Take the 2-minute tour ×
Stack Overflow is a question and answer site for professional and enthusiast programmers. It's 100% free, no registration required.

One simple question (but I haven't quite found an obvious answer in the NLP stuff I've been reading, which I'm very new to):

I want to classify emails with a probability along certain dimensions of mood. Is there an NLP package out there specifically dealing with this? Is there an obvious starting point in the literature I start reading at?

For example, if I got a short email something like "Hi, I'm not very impressed with your last email - you said the order amount would only be $15.95! Regards, Tom" then it might get 8/10 for Frustration and 0/10 for Happiness.

The actual list of moods isn't so important, but a short list of generally positive vs generally negative moods would be useful.

Thanks in advance!

--Trindaz on Fedang #NLP

share|improve this question

3 Answers 3

up vote 7 down vote accepted

You can do this with a number of different NLP tools, but nothing to my knowledge comes with it ready out of the box. Perhaps the easiest place to start would be with LingPipe (java), and you can use their very good sentiment analysis tutorial. You could also use NLTK if python is more your bent. There are some good blog posts over at Streamhacker that describe how you would use Naive Bayes to implement that.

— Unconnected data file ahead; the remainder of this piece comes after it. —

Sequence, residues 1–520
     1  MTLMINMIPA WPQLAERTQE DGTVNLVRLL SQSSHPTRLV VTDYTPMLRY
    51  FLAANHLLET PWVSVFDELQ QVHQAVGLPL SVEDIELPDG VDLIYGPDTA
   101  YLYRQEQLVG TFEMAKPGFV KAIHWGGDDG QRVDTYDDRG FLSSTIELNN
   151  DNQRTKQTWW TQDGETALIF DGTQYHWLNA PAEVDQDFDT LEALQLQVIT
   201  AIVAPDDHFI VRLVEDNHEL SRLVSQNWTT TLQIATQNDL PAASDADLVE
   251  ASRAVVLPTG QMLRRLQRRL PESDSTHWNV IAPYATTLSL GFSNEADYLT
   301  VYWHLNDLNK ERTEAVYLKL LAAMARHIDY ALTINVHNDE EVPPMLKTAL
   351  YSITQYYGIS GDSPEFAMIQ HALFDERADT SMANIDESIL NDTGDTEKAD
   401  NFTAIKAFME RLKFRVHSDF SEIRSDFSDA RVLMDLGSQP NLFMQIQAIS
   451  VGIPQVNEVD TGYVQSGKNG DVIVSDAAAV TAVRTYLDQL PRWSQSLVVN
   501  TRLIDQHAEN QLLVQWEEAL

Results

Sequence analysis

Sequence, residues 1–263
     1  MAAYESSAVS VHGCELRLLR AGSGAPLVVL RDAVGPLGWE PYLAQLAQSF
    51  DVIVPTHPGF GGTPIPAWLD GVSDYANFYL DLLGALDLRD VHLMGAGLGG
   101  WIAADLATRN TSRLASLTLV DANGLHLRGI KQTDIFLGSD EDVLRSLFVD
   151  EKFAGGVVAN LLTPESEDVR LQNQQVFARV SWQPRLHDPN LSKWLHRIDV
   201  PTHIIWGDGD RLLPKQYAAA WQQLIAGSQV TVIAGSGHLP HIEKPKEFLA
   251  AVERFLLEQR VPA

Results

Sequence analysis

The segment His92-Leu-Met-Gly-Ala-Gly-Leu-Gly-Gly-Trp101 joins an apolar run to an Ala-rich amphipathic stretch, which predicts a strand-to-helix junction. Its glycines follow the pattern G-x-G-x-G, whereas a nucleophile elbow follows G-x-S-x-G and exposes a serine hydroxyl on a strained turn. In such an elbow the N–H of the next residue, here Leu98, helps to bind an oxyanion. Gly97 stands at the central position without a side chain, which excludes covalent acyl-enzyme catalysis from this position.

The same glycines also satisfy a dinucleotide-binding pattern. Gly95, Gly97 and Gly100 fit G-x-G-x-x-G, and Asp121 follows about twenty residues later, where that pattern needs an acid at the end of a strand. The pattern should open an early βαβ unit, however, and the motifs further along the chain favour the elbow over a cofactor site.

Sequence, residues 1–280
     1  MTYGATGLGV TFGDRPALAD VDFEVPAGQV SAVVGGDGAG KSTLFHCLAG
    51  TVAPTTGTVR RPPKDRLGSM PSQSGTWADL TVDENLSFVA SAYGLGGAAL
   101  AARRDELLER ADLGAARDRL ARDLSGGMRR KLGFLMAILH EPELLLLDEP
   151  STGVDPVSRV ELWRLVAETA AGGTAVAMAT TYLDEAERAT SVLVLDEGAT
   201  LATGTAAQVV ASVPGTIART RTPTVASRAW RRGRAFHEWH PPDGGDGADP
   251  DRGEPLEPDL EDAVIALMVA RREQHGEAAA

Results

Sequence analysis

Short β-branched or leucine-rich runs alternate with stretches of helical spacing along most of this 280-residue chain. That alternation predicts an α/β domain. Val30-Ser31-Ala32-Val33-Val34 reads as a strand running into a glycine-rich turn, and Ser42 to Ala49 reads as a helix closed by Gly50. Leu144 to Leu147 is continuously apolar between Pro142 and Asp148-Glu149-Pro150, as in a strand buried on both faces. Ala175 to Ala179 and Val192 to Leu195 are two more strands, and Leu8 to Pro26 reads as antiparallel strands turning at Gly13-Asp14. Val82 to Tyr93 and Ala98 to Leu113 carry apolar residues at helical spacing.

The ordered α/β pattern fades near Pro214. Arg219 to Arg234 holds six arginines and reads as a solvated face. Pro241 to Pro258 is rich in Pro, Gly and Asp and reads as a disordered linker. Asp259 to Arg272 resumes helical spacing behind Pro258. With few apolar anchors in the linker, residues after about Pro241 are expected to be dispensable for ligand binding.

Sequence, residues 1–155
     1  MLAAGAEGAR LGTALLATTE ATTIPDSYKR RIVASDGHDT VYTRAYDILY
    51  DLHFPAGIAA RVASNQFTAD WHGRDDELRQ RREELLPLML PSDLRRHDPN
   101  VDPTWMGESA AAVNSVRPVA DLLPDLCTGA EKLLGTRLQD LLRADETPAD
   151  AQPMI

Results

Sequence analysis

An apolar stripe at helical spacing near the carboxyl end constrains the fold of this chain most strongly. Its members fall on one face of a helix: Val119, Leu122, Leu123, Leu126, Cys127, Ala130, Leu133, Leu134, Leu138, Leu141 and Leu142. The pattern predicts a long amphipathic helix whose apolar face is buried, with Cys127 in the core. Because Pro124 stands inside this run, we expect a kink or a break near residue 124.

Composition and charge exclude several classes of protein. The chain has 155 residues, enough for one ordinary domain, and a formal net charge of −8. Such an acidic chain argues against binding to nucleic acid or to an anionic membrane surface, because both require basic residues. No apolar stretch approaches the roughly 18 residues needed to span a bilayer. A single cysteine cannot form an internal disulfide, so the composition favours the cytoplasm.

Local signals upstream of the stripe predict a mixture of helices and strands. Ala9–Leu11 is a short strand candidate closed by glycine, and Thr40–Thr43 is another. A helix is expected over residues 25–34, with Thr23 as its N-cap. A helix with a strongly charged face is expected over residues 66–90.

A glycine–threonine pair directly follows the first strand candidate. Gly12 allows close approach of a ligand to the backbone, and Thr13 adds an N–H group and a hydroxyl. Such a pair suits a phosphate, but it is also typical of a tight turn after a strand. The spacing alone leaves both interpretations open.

share|improve this answer
These links are great reading. Thanks ealdent! –  Trindaz Sep 26 '10 at 2:46
Especially the last link in your answer. This is great. –  Trindaz Sep 30 '10 at 12:09

Check out AlchemyAPI for sentiment analysis tools and scikit-learn or any other open machine learning library for the classifier.

share|improve this answer

if you have not decided to code the implementation, you can also have the data classified by some other tool. google prediction api may be an alternative.

Either way, you will need some labeled data and do the preprocessing. But if you use a tool that may help you get better accuracy easily.

share|improve this answer

Your Answer


By posting your answer, you agree to the privacy policy and terms of service.

Not the answer you're looking for? Browse other questions tagged or ask your own question.